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Tag: Adduction Drop Test

Course Recap: PRI Advanced Integration Day 2

This is part II in a four part series. All parts have all been published, so here is part I, part II, part III, and part IV.

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Day 2: Triplanar Activity

Day two was all about frontal and transverse integration and consisted of great presentations from Mike Cantrell and Lori Thomsen. I can’t say enough good things about these two.

I’ve met Mike before and there is not a single person in this world that cares more about teaching you than he does. I like to think that I am similar, but this dude blows me out of the water.

I had the pleasure of finally meeting Mrs. Lori Thomsen during Advanced Integration. She may not think she’s funny, but some of the most hilarious antics I have ever been a part of went down that weekend. And they were all her doing. Very excited to welcome her to her new home away from home in Indianapolis when she comes to teach the Pelvis course in March (you better be there).

I’m going to break this day down by each of the speakers and some of the highlights they had to say.

DISCLAIMER: this post will reference PRI tests. If you are unfamiliar with them, you will be lost.

The biggest take home point is that pathology occurs when you can’t maintain flexion while moving in the frontal and transverse planes.

Lori Thomsen

For those who are unfamiliar with PRI, they have three foundational courses: the leg course (Myokinematic Restoration), the arm course (Postural Respiration), and the pelvis course (Pelvis Restoration).

Lori put together the pelvis course, so she went through the pelvis tests with us.

  • The Adduction Drop Test: can the left innominate of the pelvis get to neutral?
  • The Pelvic Ascension Drop Test: can the left innominate extend? Can I get into stance phase of gait?
  • The Passive Abduction Raise Test: can my innominate get into swing phase?

Important clarification: these tests tell me a lot of things in addition to the bullets listed above. I will not go into all possible presentations and what they mean. It is helpful for me, however, to think of these tests in terms of the gait cycle as Lori presented them.

Moving on, we talked about PECs. This acronym signifies a person who uses their back a lot.

DEFINITION. PEC: posterior exterior chain of muscles; person with these muscles facilitated.

This PEC pattern drives extension. Very active people often fall into this category because strong backs lead to strong people. The purest example of a PEC is a 100m sprinter.

You may not want to take that away from a competing athlete because it may make them slower. If they need greater movement variability (i.e. their sport/activity has more frontal and transverse plane demands), they probably need to learn how to shut down that PEC.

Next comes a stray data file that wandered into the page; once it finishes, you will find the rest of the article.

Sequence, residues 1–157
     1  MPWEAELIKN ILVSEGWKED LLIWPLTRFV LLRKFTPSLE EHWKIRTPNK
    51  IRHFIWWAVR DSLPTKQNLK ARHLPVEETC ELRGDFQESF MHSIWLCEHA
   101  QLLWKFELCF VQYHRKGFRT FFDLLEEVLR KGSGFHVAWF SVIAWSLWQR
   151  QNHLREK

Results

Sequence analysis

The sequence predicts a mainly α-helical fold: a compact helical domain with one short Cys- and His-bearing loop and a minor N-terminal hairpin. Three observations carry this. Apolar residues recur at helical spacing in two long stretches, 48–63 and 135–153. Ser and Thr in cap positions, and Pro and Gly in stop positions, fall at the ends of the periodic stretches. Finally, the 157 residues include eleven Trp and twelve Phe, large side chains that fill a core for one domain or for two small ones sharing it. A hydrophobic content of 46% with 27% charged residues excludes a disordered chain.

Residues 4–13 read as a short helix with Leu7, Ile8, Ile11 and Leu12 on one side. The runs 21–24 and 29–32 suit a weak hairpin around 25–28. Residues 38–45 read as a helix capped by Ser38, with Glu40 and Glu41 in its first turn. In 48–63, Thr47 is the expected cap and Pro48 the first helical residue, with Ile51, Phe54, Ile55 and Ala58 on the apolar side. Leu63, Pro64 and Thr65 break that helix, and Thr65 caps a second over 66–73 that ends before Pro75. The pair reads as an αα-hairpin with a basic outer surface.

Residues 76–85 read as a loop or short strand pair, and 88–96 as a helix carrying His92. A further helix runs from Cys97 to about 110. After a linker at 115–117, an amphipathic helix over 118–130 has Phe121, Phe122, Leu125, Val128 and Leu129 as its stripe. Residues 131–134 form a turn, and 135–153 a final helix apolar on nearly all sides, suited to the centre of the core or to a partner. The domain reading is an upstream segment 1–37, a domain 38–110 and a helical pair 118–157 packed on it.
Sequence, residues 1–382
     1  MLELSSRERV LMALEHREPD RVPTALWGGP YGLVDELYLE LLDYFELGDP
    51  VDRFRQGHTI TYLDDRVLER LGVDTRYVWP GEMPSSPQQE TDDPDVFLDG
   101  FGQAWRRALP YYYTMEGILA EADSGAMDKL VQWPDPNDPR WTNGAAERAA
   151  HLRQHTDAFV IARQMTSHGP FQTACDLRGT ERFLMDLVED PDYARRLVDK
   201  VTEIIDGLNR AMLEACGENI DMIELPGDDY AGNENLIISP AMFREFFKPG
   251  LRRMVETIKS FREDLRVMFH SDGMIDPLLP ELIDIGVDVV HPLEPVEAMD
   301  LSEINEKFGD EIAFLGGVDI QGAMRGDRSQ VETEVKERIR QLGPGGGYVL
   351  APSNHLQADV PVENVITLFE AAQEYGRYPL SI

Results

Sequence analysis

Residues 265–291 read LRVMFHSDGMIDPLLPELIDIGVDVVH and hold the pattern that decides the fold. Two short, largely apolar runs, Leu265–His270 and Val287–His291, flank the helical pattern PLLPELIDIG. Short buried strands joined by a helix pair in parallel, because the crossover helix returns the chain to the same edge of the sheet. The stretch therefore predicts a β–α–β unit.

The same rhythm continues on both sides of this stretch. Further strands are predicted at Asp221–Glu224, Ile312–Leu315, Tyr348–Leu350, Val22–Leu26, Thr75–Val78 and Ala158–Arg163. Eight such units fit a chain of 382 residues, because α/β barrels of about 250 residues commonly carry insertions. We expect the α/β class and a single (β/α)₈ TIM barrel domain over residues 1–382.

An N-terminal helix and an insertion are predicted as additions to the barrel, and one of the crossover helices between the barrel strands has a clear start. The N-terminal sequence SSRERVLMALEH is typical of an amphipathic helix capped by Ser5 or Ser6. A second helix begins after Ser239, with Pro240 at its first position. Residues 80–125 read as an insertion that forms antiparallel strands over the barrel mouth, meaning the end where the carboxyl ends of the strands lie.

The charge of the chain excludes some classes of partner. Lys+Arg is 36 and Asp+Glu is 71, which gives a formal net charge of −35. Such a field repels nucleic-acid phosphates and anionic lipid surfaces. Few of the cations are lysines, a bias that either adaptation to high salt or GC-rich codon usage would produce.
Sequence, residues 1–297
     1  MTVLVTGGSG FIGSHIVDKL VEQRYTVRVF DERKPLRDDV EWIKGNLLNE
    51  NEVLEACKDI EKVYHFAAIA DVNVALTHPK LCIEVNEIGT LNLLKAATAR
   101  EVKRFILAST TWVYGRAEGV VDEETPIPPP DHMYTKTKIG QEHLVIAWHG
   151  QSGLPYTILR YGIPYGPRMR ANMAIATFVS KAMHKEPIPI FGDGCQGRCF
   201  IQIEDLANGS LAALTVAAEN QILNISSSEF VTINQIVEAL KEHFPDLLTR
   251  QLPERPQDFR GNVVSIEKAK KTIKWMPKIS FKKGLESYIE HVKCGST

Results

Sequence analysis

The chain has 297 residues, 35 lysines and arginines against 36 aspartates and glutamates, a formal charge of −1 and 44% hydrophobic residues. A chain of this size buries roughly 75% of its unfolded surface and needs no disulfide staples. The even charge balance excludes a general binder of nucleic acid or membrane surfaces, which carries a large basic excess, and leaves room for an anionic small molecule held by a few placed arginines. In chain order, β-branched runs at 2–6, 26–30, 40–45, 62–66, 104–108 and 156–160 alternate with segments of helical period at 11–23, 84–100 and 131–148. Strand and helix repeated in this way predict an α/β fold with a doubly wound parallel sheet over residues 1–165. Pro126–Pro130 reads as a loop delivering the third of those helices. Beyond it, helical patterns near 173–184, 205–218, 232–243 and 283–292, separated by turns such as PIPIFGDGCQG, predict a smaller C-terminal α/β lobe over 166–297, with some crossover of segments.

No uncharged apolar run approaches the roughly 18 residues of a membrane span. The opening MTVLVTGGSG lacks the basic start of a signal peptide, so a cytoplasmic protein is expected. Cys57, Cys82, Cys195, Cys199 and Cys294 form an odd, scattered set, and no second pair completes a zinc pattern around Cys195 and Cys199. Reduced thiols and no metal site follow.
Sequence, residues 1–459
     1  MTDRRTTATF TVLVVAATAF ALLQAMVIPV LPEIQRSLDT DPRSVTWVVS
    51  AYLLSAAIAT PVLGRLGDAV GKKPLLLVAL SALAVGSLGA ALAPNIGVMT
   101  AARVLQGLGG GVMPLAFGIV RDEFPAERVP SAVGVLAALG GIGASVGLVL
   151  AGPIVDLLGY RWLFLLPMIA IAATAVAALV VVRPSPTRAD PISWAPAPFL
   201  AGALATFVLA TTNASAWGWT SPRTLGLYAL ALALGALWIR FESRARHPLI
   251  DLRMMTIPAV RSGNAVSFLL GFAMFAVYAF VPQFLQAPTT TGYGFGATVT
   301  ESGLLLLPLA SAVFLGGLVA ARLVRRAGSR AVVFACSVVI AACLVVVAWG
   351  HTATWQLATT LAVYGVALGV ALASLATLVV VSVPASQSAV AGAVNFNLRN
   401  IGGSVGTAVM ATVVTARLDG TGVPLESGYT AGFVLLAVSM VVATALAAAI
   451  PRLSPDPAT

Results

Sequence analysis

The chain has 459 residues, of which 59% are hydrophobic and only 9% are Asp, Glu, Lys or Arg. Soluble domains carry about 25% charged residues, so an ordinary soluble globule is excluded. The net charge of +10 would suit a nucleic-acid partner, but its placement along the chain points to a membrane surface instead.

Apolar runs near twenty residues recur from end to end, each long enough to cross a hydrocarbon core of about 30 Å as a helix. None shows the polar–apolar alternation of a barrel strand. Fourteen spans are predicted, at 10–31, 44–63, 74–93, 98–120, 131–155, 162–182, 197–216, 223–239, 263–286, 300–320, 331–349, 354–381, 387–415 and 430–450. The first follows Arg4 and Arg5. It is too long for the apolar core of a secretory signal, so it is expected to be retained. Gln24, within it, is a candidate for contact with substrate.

Some PECs are just locked up, and Lori suggested using alternating activities to help free these people up. The caveat, however, is that they need to have at least a 1/5 on the Hruska Adduction Lift Test, or else they don’t have abs for alternating.

After the PEC is inhibited, the person regresses to a left AIC or to neutral.

DEFINITION. Left AIC: left anterior interior chain of muscles; L diaphragm, L psoas, L iliacus, L vastus lateralis, and L biceps femoris; drives contralateral stance phase.

Made on www.biodigitalhuman.com. Note that the left anterior interior chain is only the left half of the diaphragm.

DEFINITION. Neutral: “the human body posture is in a position in which a set of muscles [left AIC, right BC, and right TMCC] is disengaged.” (AI 2014 manual, p. 78)

Lori also went through the Respiratory Adductor Pullback non-manual technique and explained how it was a frontal plane exercise. This was an AH-HA! moment for me because it has always looked like a transverse plane exercise to my feeble mind. The following picture diagrams the exercise for those of you who are familiar with it. Basically, we “inhale and pull back” to put the exhaled left posterior outlet in a state of greater inhalation, and we “exhale and push the knee down” to put the inhaled left anterior inlet in a state of greater exhalation. This allows the pelvic diaphragm (septum) to rise on the left and helps us achieve stance phase on the left side.

respiratory adductor pullback

Lastly, there was another brilliant takeaway in coaching wall squats: If they can’t feel their quads, they’re using their backs.

The “hips back” cue is becoming more and more scarce in my coaching.

Seriously, Lori is fantastic. Can’t wait to see more of her at IFAST in March.

Mike Cantrell

Before we get too far into what he talked about during Day 2 of the course, I want to mention that Mike received an award for being such a great teacher. Nobody is more deserving than this man.

Cantrell award